For businesses that accept credit cards, processing fees tend to be a constant headache. Once you add the changing regulations, new technology, and confusing pricing models into the mix, you get a major hit to your bottom line.
One potential solution to this issue involves surcharging credit cards. If you’re not sure whether surcharging is the right call for your business, this article should make your decision easier.
What Is Surcharging?
In simple terms, surcharging means adding the cost of processing to customers’ purchases. Keep in mind that you can only surcharge credit cards. Surcharging debit cards, even if you choose to run them as credit, isn’t an option.
If your consumer base uses debit cards more than credit cards, surcharging is rarely going to be worth it. There are plenty of industries that still mostly rely on debit card usage, such as discount stores, supermarkets, and gas stations. Credit card usage is noticeably higher than debit card usage in online purchases and department store transactions.
Another thing to keep in mind is that surcharging isn’t legal everywhere. The only states that prohibit surcharging at this time are Colorado, Connecticut, and Massachusetts, unless it is for an educational institution or government agency.
Pros of Surcharging
The main benefit of surcharging is obvious enough: reducing your expenses. By applying a small fee on your credit card transactions, your credit card transaction rates go down to zero. For businesses with thin margins, this can be a game-changer. If your business has a large enough credit card volume, you could save thousands of dollars per month.
Applying a small fee to every credit card transaction also helps educate your customers about the costs of accepting credit cards. On top of that, your customers will still be able to choose their preferred payment type.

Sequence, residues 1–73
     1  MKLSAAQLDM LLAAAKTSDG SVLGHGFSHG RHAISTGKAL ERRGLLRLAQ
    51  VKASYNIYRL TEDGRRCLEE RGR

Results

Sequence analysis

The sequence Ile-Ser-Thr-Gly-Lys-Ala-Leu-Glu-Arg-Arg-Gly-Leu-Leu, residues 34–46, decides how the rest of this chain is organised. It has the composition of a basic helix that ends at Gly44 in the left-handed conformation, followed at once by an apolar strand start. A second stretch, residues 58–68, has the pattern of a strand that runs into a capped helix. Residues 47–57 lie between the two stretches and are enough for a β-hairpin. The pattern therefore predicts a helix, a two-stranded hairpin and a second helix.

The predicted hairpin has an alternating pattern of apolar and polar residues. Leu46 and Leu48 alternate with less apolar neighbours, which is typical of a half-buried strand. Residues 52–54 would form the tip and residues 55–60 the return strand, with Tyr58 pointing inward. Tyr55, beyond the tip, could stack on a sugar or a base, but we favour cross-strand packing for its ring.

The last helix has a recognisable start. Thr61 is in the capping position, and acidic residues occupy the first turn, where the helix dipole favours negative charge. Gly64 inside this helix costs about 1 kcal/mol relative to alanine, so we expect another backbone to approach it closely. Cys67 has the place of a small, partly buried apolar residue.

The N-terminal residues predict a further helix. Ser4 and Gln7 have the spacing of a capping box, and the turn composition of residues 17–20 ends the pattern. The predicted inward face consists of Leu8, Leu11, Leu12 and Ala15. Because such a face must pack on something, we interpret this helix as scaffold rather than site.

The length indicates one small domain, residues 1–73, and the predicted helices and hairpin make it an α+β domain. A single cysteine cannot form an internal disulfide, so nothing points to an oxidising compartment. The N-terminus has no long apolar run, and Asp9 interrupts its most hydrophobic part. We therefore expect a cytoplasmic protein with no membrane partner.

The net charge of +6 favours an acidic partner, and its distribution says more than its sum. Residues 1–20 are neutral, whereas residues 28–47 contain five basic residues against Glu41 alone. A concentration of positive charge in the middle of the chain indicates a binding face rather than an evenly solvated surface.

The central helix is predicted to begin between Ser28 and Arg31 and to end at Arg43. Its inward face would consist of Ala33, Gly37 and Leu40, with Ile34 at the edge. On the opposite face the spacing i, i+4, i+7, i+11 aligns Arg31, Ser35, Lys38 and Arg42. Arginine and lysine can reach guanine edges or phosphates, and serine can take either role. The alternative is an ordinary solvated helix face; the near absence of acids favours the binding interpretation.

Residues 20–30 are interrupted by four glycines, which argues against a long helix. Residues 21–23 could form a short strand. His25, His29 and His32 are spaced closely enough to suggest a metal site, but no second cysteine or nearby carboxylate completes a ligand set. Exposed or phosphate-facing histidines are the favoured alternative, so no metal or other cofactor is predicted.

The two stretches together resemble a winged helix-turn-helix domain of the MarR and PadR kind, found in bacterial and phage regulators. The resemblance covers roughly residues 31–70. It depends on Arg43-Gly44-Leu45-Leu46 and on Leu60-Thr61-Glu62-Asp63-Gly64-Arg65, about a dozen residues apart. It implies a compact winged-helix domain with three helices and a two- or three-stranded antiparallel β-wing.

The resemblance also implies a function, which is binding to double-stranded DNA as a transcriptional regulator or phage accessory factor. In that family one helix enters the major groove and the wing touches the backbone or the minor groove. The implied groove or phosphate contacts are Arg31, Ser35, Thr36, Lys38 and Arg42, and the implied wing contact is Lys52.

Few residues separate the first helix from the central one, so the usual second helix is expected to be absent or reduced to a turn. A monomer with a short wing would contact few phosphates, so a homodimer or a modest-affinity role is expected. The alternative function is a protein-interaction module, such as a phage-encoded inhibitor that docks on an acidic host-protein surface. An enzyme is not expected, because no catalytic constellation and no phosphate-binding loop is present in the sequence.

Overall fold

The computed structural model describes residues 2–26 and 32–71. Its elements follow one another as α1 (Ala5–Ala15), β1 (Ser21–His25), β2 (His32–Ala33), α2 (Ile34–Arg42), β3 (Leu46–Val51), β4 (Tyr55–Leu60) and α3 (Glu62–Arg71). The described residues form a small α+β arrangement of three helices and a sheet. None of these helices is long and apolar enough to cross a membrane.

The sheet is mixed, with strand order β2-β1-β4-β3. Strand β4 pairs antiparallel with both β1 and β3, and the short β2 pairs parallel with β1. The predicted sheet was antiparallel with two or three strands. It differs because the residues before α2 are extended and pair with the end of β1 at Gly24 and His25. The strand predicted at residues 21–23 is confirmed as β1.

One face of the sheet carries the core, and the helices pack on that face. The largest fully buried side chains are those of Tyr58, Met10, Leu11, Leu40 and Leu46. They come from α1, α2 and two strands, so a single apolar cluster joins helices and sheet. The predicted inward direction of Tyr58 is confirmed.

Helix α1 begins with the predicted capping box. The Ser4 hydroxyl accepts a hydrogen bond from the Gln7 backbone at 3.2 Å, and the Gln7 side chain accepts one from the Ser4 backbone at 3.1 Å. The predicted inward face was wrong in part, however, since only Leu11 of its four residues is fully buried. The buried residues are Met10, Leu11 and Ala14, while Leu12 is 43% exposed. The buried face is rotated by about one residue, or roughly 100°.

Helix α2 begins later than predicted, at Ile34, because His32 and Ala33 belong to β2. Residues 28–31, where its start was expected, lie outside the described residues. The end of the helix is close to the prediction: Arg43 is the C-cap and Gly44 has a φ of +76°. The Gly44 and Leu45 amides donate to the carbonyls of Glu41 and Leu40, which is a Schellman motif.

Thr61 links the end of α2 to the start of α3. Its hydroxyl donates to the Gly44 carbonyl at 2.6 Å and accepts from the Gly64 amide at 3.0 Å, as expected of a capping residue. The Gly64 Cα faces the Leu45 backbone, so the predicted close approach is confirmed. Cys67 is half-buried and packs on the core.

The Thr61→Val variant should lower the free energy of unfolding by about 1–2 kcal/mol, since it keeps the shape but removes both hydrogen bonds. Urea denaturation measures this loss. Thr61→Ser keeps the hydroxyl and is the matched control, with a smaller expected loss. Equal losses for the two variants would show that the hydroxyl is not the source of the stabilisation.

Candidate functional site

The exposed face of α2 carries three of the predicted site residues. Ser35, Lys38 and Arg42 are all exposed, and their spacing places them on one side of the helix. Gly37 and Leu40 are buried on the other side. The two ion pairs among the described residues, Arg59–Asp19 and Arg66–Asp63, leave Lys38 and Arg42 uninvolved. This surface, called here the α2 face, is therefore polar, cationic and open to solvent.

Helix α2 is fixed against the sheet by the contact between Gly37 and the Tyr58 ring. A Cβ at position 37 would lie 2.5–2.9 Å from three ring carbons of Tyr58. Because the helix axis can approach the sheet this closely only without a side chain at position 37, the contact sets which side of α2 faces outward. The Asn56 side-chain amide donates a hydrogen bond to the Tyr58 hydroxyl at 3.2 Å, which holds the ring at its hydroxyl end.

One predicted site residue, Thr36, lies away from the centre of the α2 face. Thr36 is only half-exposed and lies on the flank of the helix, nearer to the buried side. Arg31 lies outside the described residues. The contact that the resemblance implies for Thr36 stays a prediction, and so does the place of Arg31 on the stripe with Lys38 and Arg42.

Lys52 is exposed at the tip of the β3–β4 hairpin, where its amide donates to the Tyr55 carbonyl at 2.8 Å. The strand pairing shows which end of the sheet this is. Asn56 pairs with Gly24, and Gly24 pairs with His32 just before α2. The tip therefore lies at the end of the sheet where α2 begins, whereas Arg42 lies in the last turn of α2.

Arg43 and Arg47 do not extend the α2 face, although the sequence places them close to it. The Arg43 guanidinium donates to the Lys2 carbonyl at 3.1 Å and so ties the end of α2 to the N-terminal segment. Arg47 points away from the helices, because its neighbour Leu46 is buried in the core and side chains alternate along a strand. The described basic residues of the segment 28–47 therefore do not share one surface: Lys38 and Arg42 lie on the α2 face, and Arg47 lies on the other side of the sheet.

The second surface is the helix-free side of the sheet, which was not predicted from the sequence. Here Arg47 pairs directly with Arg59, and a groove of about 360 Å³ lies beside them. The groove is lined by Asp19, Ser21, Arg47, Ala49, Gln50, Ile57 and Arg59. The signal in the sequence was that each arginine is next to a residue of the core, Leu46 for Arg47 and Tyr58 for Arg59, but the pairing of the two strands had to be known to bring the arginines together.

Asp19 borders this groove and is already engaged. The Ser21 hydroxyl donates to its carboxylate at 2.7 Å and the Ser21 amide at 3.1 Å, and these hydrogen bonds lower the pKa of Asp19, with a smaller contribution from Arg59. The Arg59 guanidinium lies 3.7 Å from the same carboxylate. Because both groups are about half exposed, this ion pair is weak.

Cons of Surcharging
One big potential drawback to surcharging is the consumer response. In some cases, your customers may be against surcharging to the point that they stop visiting your business altogether. This is getting to be less of an issue as surcharging becomes more widespread in the United States, but it’s still worth keeping in mind.
Surcharging also comes with very specific rules and regulations, both from the state and federal government and the major card brands (Visa, MasterCard, Discover). If you don’t follow these rules, you’ll likely face repercussions.
How to Begin Surcharging
If you decide you want to start surcharging, your first move should be to contact your credit card processor to enlist their help. Other than that, it would be a good idea to familiarize yourself with the basic requirements for surcharging:
• You must inform your card issuer of your intent to surcharge at least 30 days before you start imposing surcharges
• The surcharge can’t exceed 4% of the transaction total or your card processing cost
• You must inform your customers of surcharges by posting appropriate signage
• You must place signage at the store entrance and points of sale
• You must clearly label surcharges on your receipts